As we come to the end of this course on Mitral Valve Disease (MMVD) in dogs, we hope you are now feeling more informed and understand how you can help your pet with their condition. Your vet should be your first point of contact regarding your dog’s health or any financial concerns about the cost of care, but this resource is always available for you to flick back through as well. Before we conclude, we will go over some of the key points again to ensure you feel confident in what you have learned.
The pump-like action of the heart forces blood around the body. However, sometimes the flow through the heart is disrupted due to a leaky one-way valve, a hole in the heart, a narrowing of an artery or vein, or anaemia. When this happens the blood becomes turbulent, leading to abnormal ‘whooshing’ sounds known as heart murmurs. The loudness and type of murmur can tell us a lot, but not the exact cause, so your dog will need further investigations.
MVD is a degenerative condition that affects the mitral valve in the heart. This valve becomes progressively thickened and irregular so that it no longer forms a tight seal when it closes. This leads to some of your dog’s blood travelling the wrong way on its journey through the heart. This ‘regurgitation’ can cause issues over time. The blood becomes backed up, putting abnormal pressure on the heart and causing leakage of fluid into the lungs.
This process is known as congestive heart failure and can cause your dog to develop breathing issues, exercise intolerance, a reduced appetite, weight loss and even collapse.
An examination of your pet will usually reveal a heart murmur, but your vet will need to run some tests to confirm the cause of this murmur before making a definitive diagnosis. They will usually suggest an echocardiogram (ultrasound scan of the heart) and chest X-rays. Blood tests are also required as a general health screen, particularly if your dog needs to go on long-term medication for their heart.
There is no cure for MVD and sadly this condition will continue to worsen over time. However, the good news is that there are medications that can help slow this progression and reduce the clinical signs associated with heart failure. Your dog will need to be on this medication for the rest of their life which will mean regular trips to the vet for monitoring and dosage adjustments, as required. Diet and weight management is also helpful in some cases.
As this condition cannot be cured, the disease will progress into congestive heart failure at some point, over a period of months to years.
It all depends on when in the timeline of the disease your pet is first diagnosed. A routine physical examination may pick up a murmur early on in the disease for some dogs, whereas other pets may not present to the vet until they are already in heart failure (with a cough, breathing issues or collapse). This means the prognosis for each dog is variable. Some elderly dogs can succumb to other diseases first, unrelated to their heart. Appropriate veterinary care and treatment will help to increase your dog’s longevity.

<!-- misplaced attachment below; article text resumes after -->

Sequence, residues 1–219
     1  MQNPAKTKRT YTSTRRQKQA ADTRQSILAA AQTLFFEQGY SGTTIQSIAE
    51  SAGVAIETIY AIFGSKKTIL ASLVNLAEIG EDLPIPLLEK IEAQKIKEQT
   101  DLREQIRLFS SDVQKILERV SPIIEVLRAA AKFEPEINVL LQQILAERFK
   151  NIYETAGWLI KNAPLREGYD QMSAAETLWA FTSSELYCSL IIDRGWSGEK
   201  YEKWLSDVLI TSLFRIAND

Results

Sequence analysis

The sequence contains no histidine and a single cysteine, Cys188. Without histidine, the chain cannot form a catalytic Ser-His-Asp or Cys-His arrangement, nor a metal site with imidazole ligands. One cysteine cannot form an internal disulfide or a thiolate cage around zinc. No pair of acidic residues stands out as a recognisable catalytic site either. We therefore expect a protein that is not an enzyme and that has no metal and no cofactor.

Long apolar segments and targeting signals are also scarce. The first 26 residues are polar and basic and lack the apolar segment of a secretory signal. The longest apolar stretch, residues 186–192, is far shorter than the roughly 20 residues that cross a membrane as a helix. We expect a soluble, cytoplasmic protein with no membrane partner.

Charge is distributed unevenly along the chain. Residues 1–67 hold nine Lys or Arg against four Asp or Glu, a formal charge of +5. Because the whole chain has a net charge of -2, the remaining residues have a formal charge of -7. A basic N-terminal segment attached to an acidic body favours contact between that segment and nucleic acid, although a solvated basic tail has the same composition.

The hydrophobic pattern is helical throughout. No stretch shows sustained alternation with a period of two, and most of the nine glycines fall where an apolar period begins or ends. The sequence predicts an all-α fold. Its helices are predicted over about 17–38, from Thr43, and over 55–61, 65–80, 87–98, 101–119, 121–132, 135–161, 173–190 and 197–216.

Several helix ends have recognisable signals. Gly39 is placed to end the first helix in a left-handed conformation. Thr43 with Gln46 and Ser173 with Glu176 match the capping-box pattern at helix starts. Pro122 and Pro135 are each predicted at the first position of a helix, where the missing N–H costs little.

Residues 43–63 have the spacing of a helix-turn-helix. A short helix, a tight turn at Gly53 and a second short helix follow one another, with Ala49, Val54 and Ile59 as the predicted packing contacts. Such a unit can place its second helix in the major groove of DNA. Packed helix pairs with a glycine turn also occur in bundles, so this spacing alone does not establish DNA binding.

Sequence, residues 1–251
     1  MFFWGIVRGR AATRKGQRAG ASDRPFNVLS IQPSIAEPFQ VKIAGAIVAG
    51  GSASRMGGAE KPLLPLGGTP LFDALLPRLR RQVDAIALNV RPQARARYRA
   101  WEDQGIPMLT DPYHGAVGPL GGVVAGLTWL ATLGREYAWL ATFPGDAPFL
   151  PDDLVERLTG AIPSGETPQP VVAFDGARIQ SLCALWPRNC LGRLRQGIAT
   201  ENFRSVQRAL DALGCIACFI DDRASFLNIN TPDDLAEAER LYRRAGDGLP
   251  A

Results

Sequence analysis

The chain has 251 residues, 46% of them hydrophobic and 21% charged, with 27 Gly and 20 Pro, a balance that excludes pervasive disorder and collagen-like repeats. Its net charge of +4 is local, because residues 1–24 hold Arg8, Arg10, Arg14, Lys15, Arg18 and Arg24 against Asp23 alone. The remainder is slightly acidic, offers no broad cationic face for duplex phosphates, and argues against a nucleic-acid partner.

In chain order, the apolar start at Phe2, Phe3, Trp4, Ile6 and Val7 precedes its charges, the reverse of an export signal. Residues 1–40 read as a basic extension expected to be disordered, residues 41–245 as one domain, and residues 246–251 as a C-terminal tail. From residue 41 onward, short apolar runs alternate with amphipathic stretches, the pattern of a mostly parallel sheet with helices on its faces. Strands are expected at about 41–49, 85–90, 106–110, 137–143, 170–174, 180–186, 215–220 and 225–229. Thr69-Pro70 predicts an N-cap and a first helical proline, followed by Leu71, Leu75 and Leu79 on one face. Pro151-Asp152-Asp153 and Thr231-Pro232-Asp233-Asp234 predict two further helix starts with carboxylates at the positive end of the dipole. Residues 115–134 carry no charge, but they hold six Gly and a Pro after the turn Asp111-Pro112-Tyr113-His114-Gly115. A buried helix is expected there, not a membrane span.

An MVD diagnosis can be especially scary if you have financial concerns, as your dog is likely to need regular check-ups and medication for the rest of their life. Pimobendan (Vetmedin) is the first medication your dog will usually start – this costs £1-5 per day, depending on your dog’s size. As your dog’s condition progresses, other medications will need to be added, increasing the cost. Check-ups can also be costly.
Firstly, talk to your vet at the earliest opportunity. They can help keep costs down so you have more money for treatment. For example, although all the diagnostic tests listed are useful in their own way and should all be done if money is no object, your vet might be able to prescribe treatment for your dog with fewer tests if costs are a concern. Similarly, although your vet might recommend a check-up and blood tests every 3 months, they might be able to reduce the blood test frequency to every 6 months, depending on your pet’s condition. The sooner you make your financial concerns known to your vet, the quicker they can help find a way to keep your costs to a minimum.
If you have pet insurance, they will usually cover MVD diagnosis and medications, as long as your insurance was in place before a heart murmur was noted and you haven’t reached a money or time limit. Check your insurance documents for any exclusions, and call them if you need them to explain anything.
Well done for completing this course, we hope it has proved helpful. As a committed pet owner, you should now be in the best possible place to care for your dog and successfully manage their heart disease. Don’t forget we also have courses on many other health conditions available to you too, should you need them. We wish you and your dog all the very best.
Lastly, we’d love for you to give us any feedback (good and bad!) on our ‘Mitral Valve Disease’ course. Have you got questions that weren’t answered? Do you want to request an addition? If you have tips or advice for other families going through this health condition, you can leave them here too. Our vets will review them for safety and periodically add them to the course.
Please note this form should not be used to submit questions related to individual pets or ask for medical advice – you should contact your own vet for that.